In this study we assessed the association between COMT variation and the intensity of acute neck pain experienced in the emergency department (ED) during the hours after MVC. We selected this patient characteristic as our primary outcome measure because initial neck pain severity after MVC is one of the strongest predictors of chronic neck pain development.5 We hypothesized that individuals with a COMT pain vulnerable genotype, who have relatively high catecholamine levels, would experience more intense post-MVC neck pain. We also assessed the association between COMT pain vulnerable genotype and ED distress and dissociation symptoms, other somatic symptoms (i.e. headache and dizziness), and patient cognitions about their recovery.
Eighty nine individuals ≥ 18 years of age presenting to three emergency departments (EDs) for care after MVC were recruited for the study. Only non-pregnant, non-admitted, English-speaking patients who were alert and oriented, stable, and without spinal, facial, or skull fracture, intraoral laceration, or intracranial injury were enrolled. Patients taking β-adrenergic antagonist medications were also excluded. Patients of Caucasian ancestry constitute the majority of local ED patients, thus to avoid genetic population stratification bias only Caucasian patients were included in this analysis. Institutional Review Board approval was obtained from study site IRBs (William Beaumont Hospital IRB, Royal Oak, MI, St Joseph Mercy Hospital IRB, Ann Arbor, MI, and Spectrum Health/Butterworth Hospital IRB, Grand Rapids, MI). All patients gave written informed consent.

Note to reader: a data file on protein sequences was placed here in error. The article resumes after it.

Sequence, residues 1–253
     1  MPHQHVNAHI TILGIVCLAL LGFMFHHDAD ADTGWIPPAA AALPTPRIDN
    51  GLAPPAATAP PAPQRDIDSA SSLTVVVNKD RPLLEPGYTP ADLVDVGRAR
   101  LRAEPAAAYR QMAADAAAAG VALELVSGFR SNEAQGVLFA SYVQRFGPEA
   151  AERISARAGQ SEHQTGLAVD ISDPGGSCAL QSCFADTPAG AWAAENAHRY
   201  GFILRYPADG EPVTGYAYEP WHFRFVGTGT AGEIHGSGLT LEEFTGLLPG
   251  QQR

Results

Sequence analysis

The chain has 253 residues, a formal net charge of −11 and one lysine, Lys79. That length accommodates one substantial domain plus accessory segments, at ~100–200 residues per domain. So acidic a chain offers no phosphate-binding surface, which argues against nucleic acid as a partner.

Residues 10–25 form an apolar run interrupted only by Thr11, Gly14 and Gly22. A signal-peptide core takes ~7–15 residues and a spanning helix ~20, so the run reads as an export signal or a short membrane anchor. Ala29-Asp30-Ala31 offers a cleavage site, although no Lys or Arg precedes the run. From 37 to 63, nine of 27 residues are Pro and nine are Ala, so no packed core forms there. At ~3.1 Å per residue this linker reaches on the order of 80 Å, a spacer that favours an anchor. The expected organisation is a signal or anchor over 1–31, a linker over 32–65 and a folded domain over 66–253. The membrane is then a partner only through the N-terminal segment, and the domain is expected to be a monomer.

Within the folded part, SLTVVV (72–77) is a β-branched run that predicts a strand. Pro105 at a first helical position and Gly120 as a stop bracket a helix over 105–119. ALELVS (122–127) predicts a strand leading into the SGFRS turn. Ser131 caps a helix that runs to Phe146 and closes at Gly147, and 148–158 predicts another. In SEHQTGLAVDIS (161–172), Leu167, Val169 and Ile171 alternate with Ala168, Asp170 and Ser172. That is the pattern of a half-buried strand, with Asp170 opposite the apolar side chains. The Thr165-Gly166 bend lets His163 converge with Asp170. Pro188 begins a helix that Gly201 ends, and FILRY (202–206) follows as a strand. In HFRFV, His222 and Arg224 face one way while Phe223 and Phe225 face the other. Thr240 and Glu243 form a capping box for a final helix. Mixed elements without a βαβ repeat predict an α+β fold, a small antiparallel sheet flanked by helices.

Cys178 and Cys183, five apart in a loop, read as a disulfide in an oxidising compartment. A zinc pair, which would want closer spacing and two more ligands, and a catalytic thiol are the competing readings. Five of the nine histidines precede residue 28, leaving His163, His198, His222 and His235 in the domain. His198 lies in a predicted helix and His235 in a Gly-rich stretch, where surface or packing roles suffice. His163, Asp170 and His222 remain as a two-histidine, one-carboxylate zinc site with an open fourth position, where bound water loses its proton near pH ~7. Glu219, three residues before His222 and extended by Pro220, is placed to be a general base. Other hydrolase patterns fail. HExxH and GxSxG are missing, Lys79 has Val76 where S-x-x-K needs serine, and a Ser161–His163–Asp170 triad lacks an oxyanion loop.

When multiple disease susceptibility variants occur in the same gene, the overall functional state of the gene may not be easily deduced from information regarding a single SNP.16 For this reason we used a haplotype-based approach to examining COMT functional variants. In Caucasians, three major haplotypes located in the central COMT locus account for approximately 96% of all haplotypes and can be determined by the combination of single nucleotide polymorphisms present at rs6269, rs4633, rs4818, and rs4680.7 Based on their association with sensitivity to experimental pain stimuli, these three haplotypes have been termed the average pain sensitivity haplotype (A_T_C_A), the high pain sensitivity haplotype (A_C_C_G), and the low pain sensitivity (LPS) haplotype (G_C_G_G).7 The LPS haplotype produces much higher levels of COMT enzymatic activity than either the APS or HPS haplotypes and is associated with the lowest pain sensitivity.7 Based on these data, genotypes that did not include at least one copy of the LPS haplotype were defined a priori as COMT pain vulnerable genotypes.
Blood was collected in the ED for subsequent DNA analysis using Paxgene DNA Collection tubes (PreAnalytiX, Hilden, Germany). DNA extraction and genotyping (at rs4633, rs4680, rs4818, and rs6269) were performed by Clinical Data, Inc. (Morrisville, NC) using the Sequenom platform. Genotype at these four SNPs was used to identify individuals with and without a pain vulnerable genotype.
In addition to blood sample collection, participant and crash characteristics assessed in the ED included the following:
ED neck pain intensity among patients with and without a COMT pain vulnerable genotype was selected a priori as the primary study outcome. ED neck pain intensity was assessed using a verbal 0-10 numeric rating scale (NRS). Verbal scores have advantages in acute care settings, and verbally administered NRSs have been validated as a substitute for VASs in acute pain measurement in the ED.3 A previous study9 identified a score of 4 or 5 as the optimal lower limit for moderate or severe neck pain (based on interference) using a 0-10 NRS. A score of 4 was chosen as the lower limit for moderate pain as this is also consistent with clinical practice14.